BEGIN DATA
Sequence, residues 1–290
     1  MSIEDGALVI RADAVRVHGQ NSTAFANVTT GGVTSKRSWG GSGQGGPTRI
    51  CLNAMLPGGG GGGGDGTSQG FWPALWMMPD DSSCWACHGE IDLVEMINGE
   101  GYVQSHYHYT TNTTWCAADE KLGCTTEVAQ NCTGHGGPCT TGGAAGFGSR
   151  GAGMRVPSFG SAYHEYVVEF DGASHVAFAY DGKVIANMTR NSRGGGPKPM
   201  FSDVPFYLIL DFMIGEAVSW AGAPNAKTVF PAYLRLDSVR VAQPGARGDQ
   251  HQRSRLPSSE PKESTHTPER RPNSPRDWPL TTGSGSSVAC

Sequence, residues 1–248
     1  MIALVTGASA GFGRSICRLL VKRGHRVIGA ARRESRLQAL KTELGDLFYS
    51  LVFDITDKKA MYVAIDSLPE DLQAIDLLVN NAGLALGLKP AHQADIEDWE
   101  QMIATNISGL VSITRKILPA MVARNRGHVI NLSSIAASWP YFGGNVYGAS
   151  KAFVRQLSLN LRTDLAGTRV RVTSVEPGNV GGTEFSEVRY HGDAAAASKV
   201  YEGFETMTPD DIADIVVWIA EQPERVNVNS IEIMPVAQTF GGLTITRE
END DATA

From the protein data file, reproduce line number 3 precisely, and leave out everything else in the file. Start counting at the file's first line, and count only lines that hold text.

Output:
    51  CLNAMLPGGG GGGGDGTSQG FWPALWMMPD DSSCWACHGE IDLVEMINGE